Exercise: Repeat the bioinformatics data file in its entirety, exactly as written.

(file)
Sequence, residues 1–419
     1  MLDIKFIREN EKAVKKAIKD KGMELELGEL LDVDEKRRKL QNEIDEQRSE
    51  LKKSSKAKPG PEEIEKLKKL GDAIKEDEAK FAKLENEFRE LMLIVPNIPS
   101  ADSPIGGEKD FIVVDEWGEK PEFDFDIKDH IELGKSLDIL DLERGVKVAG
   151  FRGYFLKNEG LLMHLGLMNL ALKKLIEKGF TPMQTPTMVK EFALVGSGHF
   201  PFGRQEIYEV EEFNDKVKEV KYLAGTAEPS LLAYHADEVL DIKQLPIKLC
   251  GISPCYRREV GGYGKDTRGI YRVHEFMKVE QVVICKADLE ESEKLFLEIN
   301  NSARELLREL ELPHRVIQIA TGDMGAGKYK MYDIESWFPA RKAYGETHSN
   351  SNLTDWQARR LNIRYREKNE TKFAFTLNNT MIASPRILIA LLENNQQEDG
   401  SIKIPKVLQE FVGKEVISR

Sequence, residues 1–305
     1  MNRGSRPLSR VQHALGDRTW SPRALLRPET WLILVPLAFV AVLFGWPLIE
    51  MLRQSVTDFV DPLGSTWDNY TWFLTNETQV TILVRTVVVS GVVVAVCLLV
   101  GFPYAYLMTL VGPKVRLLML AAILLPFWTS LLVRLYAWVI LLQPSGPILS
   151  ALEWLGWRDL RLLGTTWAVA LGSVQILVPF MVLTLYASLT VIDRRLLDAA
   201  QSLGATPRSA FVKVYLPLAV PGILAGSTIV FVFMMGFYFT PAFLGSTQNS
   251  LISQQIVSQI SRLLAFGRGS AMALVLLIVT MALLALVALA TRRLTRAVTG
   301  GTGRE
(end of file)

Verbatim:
Sequence, residues 1–419
     1  MLDIKFIREN EKAVKKAIKD KGMELELGEL LDVDEKRRKL QNEIDEQRSE
    51  LKKSSKAKPG PEEIEKLKKL GDAIKEDEAK FAKLENEFRE LMLIVPNIPS
   101  ADSPIGGEKD FIVVDEWGEK PEFDFDIKDH IELGKSLDIL DLERGVKVAG
   151  FRGYFLKNEG LLMHLGLMNL ALKKLIEKGF TPMQTPTMVK EFALVGSGHF
   201  PFGRQEIYEV EEFNDKVKEV KYLAGTAEPS LLAYHADEVL DIKQLPIKLC
   251  GISPCYRREV GGYGKDTRGI YRVHEFMKVE QVVICKADLE ESEKLFLEIN
   301  NSARELLREL ELPHRVIQIA TGDMGAGKYK MYDIESWFPA RKAYGETHSN
   351  SNLTDWQARR LNIRYREKNE TKFAFTLNNT MIASPRILIA LLENNQQEDG
   401  SIKIPKVLQE FVGKEVISR

Sequence, residues 1–305
     1  MNRGSRPLSR VQHALGDRTW SPRALLRPET WLILVPLAFV AVLFGWPLIE
    51  MLRQSVTDFV DPLGSTWDNY TWFLTNETQV TILVRTVVVS GVVVAVCLLV
   101  GFPYAYLMTL VGPKVRLLML AAILLPFWTS LLVRLYAWVI LLQPSGPILS
   151  ALEWLGWRDL RLLGTTWAVA LGSVQILVPF MVLTLYASLT VIDRRLLDAA
   201  QSLGATPRSA FVKVYLPLAV PGILAGSTIV FVFMMGFYFT PAFLGSTQNS
   251  LISQQIVSQI SRLLAFGRGS AMALVLLIVT MALLALVALA TRRLTRAVTG
   301  GTGRE